Dressing For Your Season: Spring


We last looked at the winter complexion, the dark colouring we most associate with Bond. But the traditional dark blue and grey suits that look so good on those men aren’t as easy for the spring man to pull off. Roger Moore and Daniel Craig are both springs, with Craig on the lighter side and Moore on the darker. Springs have a warm complexion and lighter hair, with gold or red tones. Their eyes are also light, typically blue or green. Roger Moore has peach skin that tans to golden beige. His hair is always dyed in the Bond films, typically around golden brown though sometimes blonder, sometimes browner and occasionally with a hint of red. But it always fit spring. Daniel Craig always has golden blonde hair with a golden beige skin tone. Moore and Craig both have blue eyes. Warm colours and bright colours associated with the spring season look best on these men, though traditional standards of dress and the Bond history give good reason for these men to wear other colours as well.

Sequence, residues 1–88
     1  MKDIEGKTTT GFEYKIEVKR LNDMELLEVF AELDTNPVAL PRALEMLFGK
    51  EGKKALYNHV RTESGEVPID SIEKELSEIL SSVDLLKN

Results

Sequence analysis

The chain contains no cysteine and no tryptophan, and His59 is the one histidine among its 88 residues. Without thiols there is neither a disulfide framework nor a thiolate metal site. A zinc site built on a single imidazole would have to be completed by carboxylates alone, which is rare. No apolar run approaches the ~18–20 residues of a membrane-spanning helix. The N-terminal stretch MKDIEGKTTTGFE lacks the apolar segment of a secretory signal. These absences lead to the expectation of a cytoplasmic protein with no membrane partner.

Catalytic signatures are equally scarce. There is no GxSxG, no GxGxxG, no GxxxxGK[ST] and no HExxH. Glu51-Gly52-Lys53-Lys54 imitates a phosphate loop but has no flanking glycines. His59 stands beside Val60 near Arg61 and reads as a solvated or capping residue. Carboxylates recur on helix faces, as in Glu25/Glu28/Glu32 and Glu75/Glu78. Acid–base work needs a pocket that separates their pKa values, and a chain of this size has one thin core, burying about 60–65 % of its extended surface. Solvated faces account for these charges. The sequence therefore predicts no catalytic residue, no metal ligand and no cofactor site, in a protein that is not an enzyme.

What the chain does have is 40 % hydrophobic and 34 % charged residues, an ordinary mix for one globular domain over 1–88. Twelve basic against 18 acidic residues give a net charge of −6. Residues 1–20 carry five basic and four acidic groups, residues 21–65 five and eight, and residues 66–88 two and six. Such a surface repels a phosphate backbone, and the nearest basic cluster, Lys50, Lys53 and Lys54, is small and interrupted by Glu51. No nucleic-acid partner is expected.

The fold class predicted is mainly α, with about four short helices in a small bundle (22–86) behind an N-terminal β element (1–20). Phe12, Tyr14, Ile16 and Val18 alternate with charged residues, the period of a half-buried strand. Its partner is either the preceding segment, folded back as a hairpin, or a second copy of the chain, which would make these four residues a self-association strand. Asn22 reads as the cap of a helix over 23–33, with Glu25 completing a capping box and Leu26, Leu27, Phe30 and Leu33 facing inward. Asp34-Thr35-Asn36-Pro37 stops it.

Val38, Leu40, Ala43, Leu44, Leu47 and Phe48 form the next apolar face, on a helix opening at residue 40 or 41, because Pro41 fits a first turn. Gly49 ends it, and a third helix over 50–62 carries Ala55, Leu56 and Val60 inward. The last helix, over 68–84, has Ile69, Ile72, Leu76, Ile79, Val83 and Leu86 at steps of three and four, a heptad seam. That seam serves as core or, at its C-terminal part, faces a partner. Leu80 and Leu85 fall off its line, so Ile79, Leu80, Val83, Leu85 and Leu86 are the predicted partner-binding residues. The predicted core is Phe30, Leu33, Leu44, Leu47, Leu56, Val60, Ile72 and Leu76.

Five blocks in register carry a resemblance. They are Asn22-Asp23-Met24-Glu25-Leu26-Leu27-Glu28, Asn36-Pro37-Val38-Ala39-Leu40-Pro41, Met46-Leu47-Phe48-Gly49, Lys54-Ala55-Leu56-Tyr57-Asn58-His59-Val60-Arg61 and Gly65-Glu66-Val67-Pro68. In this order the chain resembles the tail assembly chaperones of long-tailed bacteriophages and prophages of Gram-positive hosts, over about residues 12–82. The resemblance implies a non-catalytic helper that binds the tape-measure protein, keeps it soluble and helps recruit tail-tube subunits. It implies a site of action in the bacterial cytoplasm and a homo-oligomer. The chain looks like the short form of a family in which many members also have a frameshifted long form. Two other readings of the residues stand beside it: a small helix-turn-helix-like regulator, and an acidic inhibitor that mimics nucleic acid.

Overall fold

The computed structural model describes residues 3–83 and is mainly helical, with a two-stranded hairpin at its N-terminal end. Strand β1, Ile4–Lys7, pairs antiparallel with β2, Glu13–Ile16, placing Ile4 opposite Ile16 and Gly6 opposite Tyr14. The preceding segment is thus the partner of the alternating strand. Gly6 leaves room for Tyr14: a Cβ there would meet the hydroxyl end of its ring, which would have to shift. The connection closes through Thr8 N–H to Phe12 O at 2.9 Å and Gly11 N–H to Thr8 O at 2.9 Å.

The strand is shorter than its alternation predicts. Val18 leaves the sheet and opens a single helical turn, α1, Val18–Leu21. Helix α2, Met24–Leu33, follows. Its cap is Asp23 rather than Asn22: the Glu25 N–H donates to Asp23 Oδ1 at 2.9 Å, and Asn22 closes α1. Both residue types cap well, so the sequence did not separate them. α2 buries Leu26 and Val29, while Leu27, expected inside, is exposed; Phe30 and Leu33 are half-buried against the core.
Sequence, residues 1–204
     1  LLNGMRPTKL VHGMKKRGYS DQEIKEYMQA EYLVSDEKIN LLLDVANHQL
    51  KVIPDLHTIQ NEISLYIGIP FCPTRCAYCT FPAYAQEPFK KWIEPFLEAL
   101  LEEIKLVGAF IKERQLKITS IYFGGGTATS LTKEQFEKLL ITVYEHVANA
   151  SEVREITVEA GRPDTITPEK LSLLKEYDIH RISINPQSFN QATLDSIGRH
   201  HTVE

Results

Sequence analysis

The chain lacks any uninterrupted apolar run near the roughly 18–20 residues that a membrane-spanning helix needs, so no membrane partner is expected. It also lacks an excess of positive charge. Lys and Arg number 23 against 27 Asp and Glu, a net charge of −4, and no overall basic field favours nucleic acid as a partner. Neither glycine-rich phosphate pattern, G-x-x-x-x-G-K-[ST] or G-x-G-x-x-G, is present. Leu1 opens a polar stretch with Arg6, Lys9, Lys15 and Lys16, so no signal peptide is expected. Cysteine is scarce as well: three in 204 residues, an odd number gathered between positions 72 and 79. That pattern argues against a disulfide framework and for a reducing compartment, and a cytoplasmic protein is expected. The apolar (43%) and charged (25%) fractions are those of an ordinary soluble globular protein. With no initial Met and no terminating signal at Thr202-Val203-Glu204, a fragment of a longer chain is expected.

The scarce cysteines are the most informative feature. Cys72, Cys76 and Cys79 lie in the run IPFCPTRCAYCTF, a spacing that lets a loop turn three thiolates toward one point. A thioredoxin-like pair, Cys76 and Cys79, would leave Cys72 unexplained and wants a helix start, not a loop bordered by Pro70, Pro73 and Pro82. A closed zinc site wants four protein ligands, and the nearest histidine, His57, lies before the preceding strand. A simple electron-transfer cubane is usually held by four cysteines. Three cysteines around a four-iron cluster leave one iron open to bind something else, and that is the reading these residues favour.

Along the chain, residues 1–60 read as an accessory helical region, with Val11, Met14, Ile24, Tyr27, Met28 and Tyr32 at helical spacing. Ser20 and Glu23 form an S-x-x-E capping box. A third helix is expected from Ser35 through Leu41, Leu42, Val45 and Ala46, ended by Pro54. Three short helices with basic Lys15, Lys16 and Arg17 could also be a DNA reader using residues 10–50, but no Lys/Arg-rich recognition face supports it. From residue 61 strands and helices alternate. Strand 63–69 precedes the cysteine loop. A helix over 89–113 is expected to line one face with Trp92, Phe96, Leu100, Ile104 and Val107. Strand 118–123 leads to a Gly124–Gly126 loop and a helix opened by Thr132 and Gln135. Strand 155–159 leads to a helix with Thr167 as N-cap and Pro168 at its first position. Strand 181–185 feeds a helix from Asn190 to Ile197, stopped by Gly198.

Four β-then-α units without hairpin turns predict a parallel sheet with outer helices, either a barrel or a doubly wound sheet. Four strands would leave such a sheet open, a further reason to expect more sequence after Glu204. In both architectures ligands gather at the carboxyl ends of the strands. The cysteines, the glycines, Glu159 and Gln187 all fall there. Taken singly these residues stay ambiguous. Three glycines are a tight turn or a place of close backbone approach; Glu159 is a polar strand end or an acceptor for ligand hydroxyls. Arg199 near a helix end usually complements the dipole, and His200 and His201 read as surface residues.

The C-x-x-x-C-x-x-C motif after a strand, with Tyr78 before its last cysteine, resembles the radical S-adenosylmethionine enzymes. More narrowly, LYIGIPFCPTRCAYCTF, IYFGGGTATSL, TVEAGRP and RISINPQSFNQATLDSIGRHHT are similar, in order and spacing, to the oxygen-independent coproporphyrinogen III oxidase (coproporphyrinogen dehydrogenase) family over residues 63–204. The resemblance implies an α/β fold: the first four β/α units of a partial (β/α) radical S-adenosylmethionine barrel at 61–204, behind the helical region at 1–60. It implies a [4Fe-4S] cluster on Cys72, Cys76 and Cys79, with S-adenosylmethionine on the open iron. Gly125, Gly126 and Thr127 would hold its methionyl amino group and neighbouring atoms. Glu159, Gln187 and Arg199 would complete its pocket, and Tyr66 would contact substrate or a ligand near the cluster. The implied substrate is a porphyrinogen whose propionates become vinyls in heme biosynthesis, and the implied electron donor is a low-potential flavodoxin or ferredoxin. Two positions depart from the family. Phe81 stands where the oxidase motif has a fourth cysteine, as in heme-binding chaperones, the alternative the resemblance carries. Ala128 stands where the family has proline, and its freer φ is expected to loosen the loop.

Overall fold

The cream shirt and red tie are flattering to the spring man.